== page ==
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A Brief History of the Cutty Sark in Greenwich, London

Updated: Oct 19

What is the Cutty Sark?


The Cutty Sark is a celebrated 19th-century clipper ship that was the fastest of its time and once transported precious cargo all around the world and is now a world renowned tourist attraction in Greenwich, London.


Cutty Sark

Cutty Sark History


By the middle of the 19th-century, tea was immensely popular across all levels of British society. New ports had opened in China, which increased the supply of the commodity and prompted a fashion in Britain for ‘fresh’ tea (the first crop of the year). The demand resulted in tea races, where swift clipper ships would compete to be the first into the Port of London carrying the precious cargo.


Built in Dumbarton, Scotland in 1869, Cutty Sark was the fastest of the great tea clippers, with extremely tall masts, a vast sail area and wire rigging (as opposed to rope). It could hold around 10,000 tea chests, which would be worth around £6 million in today’s money. The ship’s unusual name comes from the ‘short nightdress’ (or ‘cutty sark’) worn by the witch Nannie in Robert Burns’ 18th-century poem Tam O’Shanter. Nannie also serves as the ship’s figurehead, holding the tail of Tam’s horse in her left hand.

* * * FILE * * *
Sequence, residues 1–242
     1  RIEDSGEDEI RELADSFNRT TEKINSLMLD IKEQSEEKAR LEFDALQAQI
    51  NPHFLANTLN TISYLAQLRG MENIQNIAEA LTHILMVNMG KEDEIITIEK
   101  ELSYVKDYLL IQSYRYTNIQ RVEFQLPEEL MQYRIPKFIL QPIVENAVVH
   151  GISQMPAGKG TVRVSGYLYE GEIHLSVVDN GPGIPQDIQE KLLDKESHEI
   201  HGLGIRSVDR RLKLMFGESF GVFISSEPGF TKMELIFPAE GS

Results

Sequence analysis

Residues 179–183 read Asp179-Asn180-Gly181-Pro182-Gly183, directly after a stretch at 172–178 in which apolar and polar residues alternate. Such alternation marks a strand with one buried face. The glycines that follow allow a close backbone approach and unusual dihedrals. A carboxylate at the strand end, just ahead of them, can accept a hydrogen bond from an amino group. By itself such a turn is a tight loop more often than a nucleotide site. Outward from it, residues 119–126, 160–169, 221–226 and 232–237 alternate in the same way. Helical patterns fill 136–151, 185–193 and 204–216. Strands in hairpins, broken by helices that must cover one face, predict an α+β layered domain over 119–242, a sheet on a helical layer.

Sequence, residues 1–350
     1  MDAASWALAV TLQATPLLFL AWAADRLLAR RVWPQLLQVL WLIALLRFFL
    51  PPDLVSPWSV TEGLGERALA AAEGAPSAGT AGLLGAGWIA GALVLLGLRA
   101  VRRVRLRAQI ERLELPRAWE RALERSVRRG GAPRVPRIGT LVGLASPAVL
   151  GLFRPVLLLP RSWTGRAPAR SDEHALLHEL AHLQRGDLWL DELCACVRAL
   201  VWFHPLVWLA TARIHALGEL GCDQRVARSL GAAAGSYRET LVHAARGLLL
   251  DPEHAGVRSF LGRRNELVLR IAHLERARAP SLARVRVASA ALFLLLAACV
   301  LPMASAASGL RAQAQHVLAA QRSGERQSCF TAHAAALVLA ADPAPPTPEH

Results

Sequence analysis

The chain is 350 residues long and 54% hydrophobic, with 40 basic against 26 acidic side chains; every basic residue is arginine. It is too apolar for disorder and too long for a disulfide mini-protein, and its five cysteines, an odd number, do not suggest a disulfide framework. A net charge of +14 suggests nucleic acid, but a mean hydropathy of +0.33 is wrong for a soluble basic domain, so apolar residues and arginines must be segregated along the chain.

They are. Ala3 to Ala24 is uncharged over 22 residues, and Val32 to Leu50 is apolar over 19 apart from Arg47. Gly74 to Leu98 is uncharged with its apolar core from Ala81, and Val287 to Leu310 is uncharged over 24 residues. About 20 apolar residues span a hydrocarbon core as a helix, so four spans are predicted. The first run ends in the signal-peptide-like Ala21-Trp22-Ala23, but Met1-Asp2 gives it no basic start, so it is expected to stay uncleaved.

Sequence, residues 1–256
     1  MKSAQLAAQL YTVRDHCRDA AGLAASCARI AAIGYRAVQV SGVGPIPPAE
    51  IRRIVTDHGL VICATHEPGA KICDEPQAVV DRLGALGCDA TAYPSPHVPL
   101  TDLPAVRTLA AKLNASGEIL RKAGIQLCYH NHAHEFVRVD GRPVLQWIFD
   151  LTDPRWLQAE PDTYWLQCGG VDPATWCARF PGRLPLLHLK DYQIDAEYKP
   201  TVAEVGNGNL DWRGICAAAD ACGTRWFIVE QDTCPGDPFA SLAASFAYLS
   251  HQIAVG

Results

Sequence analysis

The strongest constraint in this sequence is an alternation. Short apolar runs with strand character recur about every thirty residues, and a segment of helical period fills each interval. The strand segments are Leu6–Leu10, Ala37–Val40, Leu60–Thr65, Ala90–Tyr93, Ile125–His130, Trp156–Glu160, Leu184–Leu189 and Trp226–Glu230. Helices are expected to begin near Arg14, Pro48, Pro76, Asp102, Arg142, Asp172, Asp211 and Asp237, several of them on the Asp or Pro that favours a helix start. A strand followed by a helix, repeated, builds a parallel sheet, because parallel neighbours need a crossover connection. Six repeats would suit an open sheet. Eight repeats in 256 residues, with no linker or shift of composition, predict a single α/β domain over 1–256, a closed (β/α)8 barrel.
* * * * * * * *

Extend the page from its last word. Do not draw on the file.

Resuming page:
Cutty Sark Hull


After the advent of steam ships, Cutty Sark was repurposed as a vessel for a wider range of goods, transporting coal from Shanghai to Sydney, and wool between Melbourne and New York. After periods as a Portuguese cargo ship (during which time it was renamed Ferreira) and as a training ship for British cadets, the clipper was towed into Greenwich in the 1950s and opened to the public.


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